Australia’s Consumer Law (ACL) and its watchdog, the Australian Competition and Consumer Commission (ACCC), support the “sound and ethical business of telling the truth.” The ACL’s provisions promote fair business practices to protect consumers and strengthen relationships between consumers and businesses. Notably, state and territory fair trading legislation supports and mirrors these provisions that apply to all businesses.

Key Take Aways

When advertising and selling products and services, you should remember not to provide the other party with the wrong impression or idea about the situation. This is especially important when considering television advertising that contains different elements such as visual, written and verbal elements and combine to produce the overall impression.

What Conduct Breaches the ACL?

To fall foul of section 18 of the ACL, you do not need to intend to act in a misleading or deceptive way. The intention is irrelevant when determining whether or not an individual or business has breached section 18.

Likewise, whether the conduct actually misleads anyone is irrelevant. In our experience, the ACCC is particularly unimpressed when businesses that they consider to have mislead and deceived explain away their conduct by saying that if their advertisement did mislead anyone, the matter would be cleared up once the consumer made further enquiries.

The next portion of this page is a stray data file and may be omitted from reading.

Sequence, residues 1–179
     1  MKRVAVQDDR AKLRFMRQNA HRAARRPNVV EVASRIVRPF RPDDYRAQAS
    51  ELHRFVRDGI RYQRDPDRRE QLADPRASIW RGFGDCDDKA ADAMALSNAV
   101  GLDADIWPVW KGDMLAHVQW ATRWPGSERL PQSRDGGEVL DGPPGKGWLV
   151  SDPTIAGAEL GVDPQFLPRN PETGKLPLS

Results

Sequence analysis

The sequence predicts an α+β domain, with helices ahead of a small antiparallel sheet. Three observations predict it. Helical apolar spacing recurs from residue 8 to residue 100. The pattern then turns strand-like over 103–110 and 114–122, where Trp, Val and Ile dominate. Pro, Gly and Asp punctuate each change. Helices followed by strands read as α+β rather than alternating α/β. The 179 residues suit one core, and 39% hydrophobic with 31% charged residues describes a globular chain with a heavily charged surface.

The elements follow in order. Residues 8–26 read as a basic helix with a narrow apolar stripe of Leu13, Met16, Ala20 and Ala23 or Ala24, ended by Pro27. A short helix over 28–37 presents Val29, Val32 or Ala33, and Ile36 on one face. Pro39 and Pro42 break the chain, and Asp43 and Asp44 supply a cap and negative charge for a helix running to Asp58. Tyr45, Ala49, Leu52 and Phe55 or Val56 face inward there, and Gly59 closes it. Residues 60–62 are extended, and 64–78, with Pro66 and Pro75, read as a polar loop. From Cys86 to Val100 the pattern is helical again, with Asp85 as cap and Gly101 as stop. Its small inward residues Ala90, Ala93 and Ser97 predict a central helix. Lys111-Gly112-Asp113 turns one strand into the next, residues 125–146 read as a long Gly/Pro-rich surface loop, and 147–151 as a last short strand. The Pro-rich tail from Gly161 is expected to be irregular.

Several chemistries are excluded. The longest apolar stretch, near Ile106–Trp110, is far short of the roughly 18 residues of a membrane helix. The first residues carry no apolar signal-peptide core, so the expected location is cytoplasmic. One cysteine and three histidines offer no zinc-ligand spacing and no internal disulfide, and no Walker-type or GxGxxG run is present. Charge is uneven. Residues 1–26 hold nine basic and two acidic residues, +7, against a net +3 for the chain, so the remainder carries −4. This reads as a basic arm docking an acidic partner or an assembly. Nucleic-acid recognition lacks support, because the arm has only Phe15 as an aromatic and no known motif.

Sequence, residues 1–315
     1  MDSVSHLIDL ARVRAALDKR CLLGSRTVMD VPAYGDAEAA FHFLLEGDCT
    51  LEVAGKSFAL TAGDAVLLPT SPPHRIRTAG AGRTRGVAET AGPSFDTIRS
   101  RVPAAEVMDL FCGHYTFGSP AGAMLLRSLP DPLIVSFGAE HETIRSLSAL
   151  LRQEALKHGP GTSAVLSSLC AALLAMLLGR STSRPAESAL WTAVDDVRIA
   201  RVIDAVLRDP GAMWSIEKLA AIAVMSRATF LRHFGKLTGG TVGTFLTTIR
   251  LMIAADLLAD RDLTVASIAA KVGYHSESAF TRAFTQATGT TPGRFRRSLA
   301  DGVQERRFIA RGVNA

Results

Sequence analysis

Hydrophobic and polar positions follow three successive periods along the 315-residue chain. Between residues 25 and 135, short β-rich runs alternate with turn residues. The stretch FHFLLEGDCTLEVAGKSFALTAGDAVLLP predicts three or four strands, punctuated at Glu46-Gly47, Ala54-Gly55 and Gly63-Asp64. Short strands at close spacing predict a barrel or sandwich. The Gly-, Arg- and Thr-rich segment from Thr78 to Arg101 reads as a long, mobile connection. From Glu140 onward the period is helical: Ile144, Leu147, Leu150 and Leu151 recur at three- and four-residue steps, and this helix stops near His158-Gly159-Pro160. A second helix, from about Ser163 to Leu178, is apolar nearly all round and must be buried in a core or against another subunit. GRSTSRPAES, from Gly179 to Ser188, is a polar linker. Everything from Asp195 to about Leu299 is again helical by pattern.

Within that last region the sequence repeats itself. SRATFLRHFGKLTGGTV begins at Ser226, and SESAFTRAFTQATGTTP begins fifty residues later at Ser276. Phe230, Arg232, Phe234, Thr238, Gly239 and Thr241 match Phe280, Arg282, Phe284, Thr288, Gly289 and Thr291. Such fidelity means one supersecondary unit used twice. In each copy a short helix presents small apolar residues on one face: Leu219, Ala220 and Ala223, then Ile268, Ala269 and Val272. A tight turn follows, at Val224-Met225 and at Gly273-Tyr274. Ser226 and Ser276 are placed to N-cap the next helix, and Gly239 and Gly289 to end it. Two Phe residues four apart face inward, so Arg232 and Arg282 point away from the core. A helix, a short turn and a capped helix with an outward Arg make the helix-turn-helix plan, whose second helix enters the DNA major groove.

The ACCC is concered with creating a compliance culture that will ensure that businesses act fairly and truthfully in their dealings with consumers at all times. Section 18 tells businesses that they must not engage in conduct that misleads or deceives, or is likely to mislead or deceive customers or other business through:

  • advertising,
  • print, radio, television or billboard,
  • printed brochures,
  • product descriptions,
  • packaging,
  • contract terms,
  • selling presentations,
  • telephone conversations, or
  • any other type of personal discussions, negotiations or any other businesses communication.

It is of course also common sense that leaving something out can be untruthful. Omissions can then amount to misleading and deceptive conduct in the right circumstances.

What Does “Misleading and Deceptive” Mean?

The courts have, over the years, interpreted the phrase “misleading or deceptive” very broadly. They tend to focus on the word “mislead” which is a broder category of conduct than deception. Misleading someone includes leading them into error by, for example:

  • Lying to them;
  • Leading them to a wrong conclusion;
  • Creating a false impression;
  • Leaving out (or hiding) important information; and
  • Making false or inaccurate claims

In Short…

Whether something is misleading or likely to mislead in light of all the circumstances of a particular case, and what the sender of the message meant to do is irrelevant.

So, what principles do you need to consider when creating an advertising campaign? We will step through these in our next article that puts advertising promotions under the microscope.

Questions? Get in touch with LegalVision’s advertising, marketing and consumer lawyers on 1300 544 755.

Catherine Logan

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